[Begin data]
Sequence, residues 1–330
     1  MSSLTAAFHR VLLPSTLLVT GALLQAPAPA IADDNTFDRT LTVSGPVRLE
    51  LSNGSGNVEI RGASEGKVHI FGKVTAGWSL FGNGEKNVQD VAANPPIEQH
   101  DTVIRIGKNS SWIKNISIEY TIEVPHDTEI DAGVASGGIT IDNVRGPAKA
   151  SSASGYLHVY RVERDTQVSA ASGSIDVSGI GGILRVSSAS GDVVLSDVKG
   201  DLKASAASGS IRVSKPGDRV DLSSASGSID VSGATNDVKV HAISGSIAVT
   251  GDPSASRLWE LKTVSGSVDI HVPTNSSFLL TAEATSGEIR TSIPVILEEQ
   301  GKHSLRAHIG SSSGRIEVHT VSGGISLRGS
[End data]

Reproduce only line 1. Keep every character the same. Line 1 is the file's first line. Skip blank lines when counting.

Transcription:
Sequence, residues 1–330